The U.S. Department of Labor first emphasized the life-threatening hazards of respirable crystalline silica in the 1930s. Today, according to OSHA, approximately 2.3 million Americans are exposed to silica on a regular basis in the workplace.
Heavy equipment operators, construction, and plaster/drywall workers are the most at risk to being exposed to silica. The most severe exposures to crystalline silica result from abrasive blasting. Additionally, exposures may occur in cement, brick, and asphalt pavement manufacturing, ceramic manufacturing, and the steel and foundry industries.
Inhaling silica dust causes silicosis and lung cancer. The symptoms of silicosis include shortness of breath, chest pain, and difficulty in breathing, however, this illness can show no symptoms for many years. These non-reversible lung diseases are the target of the new OSHA silica regulation.
On March 2016, OSHA issued a FINAL RULE to protect American workers, limiting their exposure to respirable crystalline silica.
Final Rule’s Key Provisions:
- Sets a new PEL (permissible exposure limit) for respirable crystalline silica to 50 micrograms per cubic meter of air, over an 8-hour shift.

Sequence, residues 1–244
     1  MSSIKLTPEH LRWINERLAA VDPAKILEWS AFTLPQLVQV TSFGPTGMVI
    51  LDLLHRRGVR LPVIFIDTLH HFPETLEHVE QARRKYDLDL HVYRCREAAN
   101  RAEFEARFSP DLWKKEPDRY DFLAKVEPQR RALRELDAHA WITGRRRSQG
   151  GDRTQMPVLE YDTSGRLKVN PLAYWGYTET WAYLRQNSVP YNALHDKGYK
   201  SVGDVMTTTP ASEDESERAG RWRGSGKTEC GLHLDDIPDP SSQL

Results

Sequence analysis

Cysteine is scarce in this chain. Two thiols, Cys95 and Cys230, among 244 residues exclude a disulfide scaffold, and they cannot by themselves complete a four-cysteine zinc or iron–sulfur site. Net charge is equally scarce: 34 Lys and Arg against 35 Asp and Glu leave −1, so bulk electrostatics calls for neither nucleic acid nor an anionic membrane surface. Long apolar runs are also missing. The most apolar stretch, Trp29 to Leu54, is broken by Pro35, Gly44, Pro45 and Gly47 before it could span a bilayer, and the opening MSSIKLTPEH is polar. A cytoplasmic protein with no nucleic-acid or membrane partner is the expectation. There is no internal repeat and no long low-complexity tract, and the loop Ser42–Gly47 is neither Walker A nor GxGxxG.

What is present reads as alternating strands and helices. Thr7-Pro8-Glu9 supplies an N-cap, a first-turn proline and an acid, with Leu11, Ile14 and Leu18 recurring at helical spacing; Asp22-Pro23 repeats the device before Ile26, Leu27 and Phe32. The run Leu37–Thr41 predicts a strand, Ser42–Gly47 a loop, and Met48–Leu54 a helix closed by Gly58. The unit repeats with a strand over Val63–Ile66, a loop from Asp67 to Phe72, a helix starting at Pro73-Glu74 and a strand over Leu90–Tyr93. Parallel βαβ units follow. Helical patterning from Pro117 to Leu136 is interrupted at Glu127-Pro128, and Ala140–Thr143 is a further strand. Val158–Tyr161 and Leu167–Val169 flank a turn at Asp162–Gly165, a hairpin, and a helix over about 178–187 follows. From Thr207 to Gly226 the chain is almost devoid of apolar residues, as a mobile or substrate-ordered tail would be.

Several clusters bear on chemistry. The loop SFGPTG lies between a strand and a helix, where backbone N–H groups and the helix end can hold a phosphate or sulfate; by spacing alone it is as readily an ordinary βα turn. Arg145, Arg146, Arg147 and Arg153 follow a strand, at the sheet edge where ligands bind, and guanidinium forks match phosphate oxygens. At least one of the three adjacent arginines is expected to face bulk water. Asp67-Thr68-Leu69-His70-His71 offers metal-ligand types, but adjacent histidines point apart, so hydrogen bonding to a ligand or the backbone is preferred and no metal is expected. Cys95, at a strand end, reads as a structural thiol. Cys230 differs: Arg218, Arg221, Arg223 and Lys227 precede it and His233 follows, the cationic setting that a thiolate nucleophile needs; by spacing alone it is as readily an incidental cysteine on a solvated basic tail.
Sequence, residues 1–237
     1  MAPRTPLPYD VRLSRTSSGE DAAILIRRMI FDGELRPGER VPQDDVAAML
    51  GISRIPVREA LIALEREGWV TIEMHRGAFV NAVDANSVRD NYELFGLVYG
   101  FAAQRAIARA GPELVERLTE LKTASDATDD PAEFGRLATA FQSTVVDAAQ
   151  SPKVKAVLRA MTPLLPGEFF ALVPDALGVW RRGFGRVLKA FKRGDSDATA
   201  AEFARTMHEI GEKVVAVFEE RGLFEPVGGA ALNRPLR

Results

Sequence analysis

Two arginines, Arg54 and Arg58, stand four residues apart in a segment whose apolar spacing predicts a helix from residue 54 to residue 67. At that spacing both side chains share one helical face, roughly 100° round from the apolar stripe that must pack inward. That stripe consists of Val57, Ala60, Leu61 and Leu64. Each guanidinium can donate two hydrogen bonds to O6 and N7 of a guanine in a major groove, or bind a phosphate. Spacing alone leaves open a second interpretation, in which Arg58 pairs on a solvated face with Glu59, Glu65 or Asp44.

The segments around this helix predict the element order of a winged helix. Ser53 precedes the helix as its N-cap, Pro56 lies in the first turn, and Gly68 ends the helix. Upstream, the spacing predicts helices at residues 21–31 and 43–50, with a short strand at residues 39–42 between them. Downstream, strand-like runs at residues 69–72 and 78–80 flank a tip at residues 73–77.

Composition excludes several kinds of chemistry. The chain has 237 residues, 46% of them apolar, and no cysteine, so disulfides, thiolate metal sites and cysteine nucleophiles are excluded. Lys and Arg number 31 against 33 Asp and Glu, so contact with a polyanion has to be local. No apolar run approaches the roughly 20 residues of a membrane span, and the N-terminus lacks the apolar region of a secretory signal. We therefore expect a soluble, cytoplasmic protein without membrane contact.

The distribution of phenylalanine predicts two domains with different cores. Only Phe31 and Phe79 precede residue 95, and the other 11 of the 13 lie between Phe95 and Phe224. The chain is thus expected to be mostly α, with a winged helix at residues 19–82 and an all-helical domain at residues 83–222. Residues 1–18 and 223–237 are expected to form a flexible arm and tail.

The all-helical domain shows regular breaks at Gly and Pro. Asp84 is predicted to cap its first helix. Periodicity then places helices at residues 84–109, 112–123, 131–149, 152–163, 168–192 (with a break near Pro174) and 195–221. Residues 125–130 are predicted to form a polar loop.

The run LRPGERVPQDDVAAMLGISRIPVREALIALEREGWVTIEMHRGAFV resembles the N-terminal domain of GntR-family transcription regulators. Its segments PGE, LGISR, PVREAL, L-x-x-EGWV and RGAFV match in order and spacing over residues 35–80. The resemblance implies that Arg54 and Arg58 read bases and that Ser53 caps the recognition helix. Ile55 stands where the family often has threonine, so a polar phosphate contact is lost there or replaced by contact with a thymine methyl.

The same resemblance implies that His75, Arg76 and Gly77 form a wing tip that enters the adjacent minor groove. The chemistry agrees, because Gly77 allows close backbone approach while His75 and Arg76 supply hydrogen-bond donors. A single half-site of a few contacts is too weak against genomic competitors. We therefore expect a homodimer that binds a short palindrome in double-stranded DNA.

- Requires employers to use engineering controls (such as water spray systems or ventilation) to limit workers exposure to the PEL; provide respirators when engineering controls are not able to eliminate exposure; limit worker access to high exposure areas; develop a written exposure control plan, and train workers on silica risks and on the ways to limit the exposure.
- Employers must support and provide the means for potentially highly exposed workers to obtain medical exams to monitor their health in relation to the exposure.
The final rule took effect on June 23, 2016. However, OSHA’s memorandum has delayed the enforcement of this rule in order to provide additional guidance for employers. The rule is comprised of two standards: one for Construction and one for General Industry and Maritime. These industries have 1-5 years to comply with the requirements according to the following schedule approved by OSHA:
- Construction - September 23, 2017.
- General Industry and Maritime - June 23, 2018.
- Hydraulic Fracturing - June 23, 2018, for all provisions except Engineering Controls (a compliance date: June 23, 2021).
The implementation of this rule will prevent about 900 new cases of silicosis each year, and save 600 lives.
3M compiled a brief overview of means of respiratory protection against silica dust:
How do you know if you are providing enough protection? Talk to us at 800-829-9580 or visit us online Pksafety.com. We have PPE to help you protect your crew and keep your company compliant.
- Respiratory Protection: https://www.osha.gov/
- Respirable Crystalline Silica in Construction: http://multimedia.3m.com/
- OSHA Regulations: https://www.osha.gov/silica/
- Occupational Exposure to Silica; Final Rule: http://multimedia.3m.com/
- OSHA's Final Rule to Protect Workers from Exposure to Respirable Crystalline Silica: https://www.osha.gov/silica/
- OSHA Silica Regulation Update: https://www.3m.com/
- OSHA Fact Sheet: https://www.osha.gov